Saturday, October 24, 2015

Bachelorhood Day Three, treading water

The New Madrid (Missouri) strain offers stunning maroon tones on its new flushes of growth.  Image from HERE

I transplanted three Nuttall Oak seedings before I got rained out.  It seems like a very small thing to blog about.  But I guess that I would be doing well if I successfully transplanted three trees a day.  It won't seem like a small thing in twenty years.

Image from Wikipedia
The native range of Nuttall Oak comes no closer to Michigan than southern Missouri but it is reputed to be winter hardy here.  Landscaping for Wildlife aficionados value it for its ability to grow in very wet places and because it holds its acorns well into winter.  Imagine high calorie acorns falling on top of 10 inches of crusty, frozen snow rather than being frozen beneath it.

Botany has been afflicted with lumpers-and-splitters. So far the splitters are winning.

The lumpers want to disregard minor shape differences and have fewer species.  Splitters (who have the honor of naming newly found species) want to use small differences as the basis for defining new species.  A splitter would add 184 new species of canines were he to go to a dog show.

To my way of thinking, Nuttall Oak is one of a vast swarm of "Red" oaks.  Oaks are a promiscuous lot and interbreed with abandon.  Dan Morrical, a livestock extension specialist from Iowa, once told me that one of the beauty of interbreeding (or outbreeding) is that it shows the greatest effect on those traits that have the lowest "heritability".  Specifically, outbreeding is a solid way to get that tough-to-define characteristic called "livability".   High growth rate is important...but the animal has to live long enough to walk onto the trailer before you get paid by the auctioneer.  And then that animal has to thrive on the feedlot if you hope for repeat customers.  Sissies need not apply.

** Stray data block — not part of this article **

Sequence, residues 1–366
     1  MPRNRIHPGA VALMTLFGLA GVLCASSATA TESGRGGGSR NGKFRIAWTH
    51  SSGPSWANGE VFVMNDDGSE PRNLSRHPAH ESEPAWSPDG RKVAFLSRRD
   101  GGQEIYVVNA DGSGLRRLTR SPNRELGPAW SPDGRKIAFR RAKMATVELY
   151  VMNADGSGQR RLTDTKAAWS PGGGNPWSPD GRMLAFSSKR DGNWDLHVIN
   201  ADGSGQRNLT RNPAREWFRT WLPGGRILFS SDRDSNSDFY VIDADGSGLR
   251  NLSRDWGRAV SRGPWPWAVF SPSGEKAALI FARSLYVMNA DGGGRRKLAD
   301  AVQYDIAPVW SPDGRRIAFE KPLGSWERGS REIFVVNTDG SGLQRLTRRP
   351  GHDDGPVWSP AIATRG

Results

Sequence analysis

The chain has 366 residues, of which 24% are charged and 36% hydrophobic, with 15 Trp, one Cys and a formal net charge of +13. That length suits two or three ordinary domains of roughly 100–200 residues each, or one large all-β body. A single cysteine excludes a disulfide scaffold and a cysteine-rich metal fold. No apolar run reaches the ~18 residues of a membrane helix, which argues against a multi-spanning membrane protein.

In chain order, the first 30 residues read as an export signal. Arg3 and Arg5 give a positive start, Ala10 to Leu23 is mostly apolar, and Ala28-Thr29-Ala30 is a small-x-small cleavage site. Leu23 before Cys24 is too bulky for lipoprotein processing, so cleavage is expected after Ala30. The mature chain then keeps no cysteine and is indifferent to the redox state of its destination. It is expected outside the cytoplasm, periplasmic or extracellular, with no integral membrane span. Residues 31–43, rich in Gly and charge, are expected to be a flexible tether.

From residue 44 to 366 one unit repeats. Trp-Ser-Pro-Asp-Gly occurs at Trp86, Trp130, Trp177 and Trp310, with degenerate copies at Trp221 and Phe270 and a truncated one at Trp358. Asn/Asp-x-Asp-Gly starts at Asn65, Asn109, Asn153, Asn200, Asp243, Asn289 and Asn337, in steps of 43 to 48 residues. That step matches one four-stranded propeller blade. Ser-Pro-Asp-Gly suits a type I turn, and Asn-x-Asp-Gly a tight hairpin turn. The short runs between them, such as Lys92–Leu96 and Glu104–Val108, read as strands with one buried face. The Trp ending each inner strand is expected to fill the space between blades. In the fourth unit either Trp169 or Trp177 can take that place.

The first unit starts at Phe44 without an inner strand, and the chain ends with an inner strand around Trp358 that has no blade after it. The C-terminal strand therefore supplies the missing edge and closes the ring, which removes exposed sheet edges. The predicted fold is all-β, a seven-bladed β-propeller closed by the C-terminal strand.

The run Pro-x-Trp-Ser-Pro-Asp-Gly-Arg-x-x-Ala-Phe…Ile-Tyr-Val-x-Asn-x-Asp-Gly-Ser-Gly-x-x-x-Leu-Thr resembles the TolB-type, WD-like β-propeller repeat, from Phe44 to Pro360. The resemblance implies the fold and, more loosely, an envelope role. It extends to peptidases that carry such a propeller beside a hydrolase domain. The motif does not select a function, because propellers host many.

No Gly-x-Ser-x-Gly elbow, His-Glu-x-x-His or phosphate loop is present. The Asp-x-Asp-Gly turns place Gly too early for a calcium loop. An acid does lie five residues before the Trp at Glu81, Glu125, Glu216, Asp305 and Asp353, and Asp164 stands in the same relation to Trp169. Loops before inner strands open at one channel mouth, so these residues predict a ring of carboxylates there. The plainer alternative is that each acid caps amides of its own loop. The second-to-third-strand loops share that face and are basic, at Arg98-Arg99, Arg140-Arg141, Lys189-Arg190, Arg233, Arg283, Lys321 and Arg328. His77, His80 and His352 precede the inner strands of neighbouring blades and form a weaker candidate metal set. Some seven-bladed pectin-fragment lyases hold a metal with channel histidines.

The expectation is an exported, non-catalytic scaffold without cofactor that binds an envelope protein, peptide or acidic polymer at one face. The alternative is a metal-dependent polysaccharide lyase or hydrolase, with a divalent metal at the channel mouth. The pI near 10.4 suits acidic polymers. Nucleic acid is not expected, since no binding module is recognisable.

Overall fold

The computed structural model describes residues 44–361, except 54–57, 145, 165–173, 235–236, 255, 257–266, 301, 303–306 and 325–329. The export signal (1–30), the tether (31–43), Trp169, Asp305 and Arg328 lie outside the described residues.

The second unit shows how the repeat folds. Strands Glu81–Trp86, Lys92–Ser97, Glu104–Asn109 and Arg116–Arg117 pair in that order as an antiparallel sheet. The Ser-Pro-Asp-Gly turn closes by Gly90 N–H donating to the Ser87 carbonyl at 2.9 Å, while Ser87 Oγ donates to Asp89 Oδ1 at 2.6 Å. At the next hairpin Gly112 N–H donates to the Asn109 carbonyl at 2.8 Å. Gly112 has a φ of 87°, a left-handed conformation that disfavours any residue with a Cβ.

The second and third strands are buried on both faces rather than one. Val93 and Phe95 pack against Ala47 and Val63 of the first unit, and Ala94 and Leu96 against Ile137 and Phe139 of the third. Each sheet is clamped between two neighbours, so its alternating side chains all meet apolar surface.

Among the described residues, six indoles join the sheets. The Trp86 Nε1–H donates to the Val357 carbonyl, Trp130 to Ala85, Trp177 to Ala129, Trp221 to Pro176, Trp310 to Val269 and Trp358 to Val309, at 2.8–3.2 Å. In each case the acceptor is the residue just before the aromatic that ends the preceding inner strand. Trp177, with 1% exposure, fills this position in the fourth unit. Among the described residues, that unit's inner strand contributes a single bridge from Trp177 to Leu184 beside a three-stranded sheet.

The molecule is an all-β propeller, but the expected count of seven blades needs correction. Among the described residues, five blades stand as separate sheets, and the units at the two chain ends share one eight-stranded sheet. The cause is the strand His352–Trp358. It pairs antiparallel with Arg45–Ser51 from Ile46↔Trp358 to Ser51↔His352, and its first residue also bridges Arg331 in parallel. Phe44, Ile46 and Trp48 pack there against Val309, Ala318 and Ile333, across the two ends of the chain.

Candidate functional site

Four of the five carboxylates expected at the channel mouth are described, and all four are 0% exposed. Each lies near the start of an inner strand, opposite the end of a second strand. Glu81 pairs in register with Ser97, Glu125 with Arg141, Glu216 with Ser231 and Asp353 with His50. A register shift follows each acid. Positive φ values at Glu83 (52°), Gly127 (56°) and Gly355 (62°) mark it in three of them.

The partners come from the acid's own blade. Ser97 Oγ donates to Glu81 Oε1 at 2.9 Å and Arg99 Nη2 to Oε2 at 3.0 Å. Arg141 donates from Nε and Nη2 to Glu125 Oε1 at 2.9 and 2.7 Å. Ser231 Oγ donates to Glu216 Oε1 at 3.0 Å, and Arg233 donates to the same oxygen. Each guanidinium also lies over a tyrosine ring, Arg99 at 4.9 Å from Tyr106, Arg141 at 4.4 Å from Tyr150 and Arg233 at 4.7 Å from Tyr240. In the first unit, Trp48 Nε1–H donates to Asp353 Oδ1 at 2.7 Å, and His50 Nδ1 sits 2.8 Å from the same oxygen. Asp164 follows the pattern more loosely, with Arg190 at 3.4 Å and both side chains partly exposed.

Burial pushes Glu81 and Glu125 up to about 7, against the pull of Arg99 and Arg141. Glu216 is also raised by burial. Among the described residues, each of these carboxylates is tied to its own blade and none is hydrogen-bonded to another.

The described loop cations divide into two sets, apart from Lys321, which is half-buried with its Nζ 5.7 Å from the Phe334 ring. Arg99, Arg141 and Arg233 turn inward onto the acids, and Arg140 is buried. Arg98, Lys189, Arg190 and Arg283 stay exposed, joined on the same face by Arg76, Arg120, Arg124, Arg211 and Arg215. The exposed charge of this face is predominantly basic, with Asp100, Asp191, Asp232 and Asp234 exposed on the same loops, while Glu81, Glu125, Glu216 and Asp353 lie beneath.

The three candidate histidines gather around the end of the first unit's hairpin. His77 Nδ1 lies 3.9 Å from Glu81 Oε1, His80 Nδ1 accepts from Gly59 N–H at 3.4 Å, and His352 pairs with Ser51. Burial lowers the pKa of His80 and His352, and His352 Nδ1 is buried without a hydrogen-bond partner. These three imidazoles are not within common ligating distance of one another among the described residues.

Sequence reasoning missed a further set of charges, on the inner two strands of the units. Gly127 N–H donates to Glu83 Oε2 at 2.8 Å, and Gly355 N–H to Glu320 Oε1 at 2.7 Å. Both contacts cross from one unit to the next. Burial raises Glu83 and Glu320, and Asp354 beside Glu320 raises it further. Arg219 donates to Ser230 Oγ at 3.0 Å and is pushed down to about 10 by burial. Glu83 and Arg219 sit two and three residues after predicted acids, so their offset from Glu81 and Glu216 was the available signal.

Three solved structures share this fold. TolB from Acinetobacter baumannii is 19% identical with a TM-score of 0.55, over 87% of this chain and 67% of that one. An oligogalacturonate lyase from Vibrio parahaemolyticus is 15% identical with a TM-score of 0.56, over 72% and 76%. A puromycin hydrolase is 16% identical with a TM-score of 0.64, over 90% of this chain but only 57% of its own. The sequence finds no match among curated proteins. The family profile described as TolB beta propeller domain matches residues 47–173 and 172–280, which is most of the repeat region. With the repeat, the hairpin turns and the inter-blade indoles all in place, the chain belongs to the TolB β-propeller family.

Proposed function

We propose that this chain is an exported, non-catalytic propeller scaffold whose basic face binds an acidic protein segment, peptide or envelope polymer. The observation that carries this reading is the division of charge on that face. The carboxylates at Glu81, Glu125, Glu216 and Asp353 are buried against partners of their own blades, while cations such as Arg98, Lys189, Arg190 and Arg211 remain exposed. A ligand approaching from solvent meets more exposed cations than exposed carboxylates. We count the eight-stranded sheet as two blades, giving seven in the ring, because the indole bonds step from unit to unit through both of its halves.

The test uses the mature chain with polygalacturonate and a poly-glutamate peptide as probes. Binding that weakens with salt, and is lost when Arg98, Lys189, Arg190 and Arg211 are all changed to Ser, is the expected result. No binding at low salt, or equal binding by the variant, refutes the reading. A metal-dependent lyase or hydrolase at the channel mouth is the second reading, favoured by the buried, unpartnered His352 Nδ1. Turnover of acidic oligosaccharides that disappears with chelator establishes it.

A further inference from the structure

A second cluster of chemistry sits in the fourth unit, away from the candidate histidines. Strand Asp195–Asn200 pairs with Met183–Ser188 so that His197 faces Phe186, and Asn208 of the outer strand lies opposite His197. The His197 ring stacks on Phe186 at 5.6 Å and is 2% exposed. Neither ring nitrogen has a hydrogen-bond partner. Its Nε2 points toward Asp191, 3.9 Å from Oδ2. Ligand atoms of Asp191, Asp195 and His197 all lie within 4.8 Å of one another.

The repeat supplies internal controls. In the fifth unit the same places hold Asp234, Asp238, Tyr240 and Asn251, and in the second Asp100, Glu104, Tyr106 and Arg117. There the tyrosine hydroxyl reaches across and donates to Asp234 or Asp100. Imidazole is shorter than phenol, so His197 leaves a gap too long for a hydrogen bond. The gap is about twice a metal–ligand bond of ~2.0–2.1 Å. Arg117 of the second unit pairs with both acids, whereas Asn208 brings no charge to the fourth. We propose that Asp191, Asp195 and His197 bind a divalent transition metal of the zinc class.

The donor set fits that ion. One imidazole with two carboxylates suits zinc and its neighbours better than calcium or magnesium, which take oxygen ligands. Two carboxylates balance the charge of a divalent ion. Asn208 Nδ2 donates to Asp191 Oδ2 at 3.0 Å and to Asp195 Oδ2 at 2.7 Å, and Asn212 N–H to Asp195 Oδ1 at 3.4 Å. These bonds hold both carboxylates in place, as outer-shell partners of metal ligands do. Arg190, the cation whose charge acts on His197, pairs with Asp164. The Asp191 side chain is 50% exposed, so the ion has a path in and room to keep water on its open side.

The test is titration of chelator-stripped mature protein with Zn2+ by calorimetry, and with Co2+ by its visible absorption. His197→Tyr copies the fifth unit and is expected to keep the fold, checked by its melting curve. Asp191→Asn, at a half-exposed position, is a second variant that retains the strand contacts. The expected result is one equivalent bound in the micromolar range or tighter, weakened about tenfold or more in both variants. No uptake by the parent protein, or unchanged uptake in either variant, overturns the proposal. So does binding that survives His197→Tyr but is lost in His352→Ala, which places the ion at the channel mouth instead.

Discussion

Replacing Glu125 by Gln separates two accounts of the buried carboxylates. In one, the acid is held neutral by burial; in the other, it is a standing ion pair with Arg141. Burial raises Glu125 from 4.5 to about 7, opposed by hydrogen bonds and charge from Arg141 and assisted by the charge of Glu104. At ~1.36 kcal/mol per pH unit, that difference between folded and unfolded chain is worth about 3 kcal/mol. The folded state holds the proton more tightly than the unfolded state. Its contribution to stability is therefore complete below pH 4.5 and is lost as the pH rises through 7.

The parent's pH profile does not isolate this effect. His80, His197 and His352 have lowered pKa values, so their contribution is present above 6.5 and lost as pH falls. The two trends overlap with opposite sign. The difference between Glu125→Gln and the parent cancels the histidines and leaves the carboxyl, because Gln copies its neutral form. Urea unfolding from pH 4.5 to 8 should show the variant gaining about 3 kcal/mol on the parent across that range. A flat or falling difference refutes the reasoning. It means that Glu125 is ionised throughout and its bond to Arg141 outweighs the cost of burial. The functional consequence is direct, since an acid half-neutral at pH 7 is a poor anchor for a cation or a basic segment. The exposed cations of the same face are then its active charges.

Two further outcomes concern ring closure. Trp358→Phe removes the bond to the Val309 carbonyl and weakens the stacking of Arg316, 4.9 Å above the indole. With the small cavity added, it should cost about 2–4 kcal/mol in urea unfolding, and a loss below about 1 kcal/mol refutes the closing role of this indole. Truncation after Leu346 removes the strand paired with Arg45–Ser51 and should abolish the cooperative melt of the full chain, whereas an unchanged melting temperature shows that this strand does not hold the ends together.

In plants, "livability" often comes down to "plasticity", the ability to adapt to or recover from environmental stresses like high pH soil, acid rain, browsing by animals, recovery from winter damage, flooding...... Trees do not have the luxury of changing their address.  A heterogeneous swarm of seedlings are likely to have plasticity within each individual as well as a wide range of preferences within the population. Somehow, the right size and shape of peg will show up to fit any given hole.

The ERJ property is a mess of oak species and hybrids.  Purists are horrified.  The deer, squirrels, wild turkeys, blue jays, raccoon, woodpeckers......have yet to register a complaint.


  1. If it works, it's NOT wrong... Just sayin...

  2. If it works, it's NOT wrong... Just sayin...

  3. Very interesting about the oaks Joe. You are only the second person I've known that used the terms lumper and splitter like that. The other guy had various job experiences including nuclear physics, brain research with lab rats, and petroleum reservoir engineering. I'm more of a lumper when I'm referring to my own work, but sometimes I can be a bit of a hair-splitter when I'm reviewing someone else's!

  4. Interesting. Looking at your map of the Nuttall oak, it seems to be (in Louisiana), east of the Red River/Atchafalaya River line. We have broad rivers in Louisiana, and jumping them is hard for a species, whether animal or vegetable. We have species of snake that have never jumped across a river and sustained a beach-head.

    1. Its a slow process, but if you think about, it, when an oxbow lake is formed, the part inside the curl is now on the other side of the big river! I suspect that some species may end up on the other side in this way.


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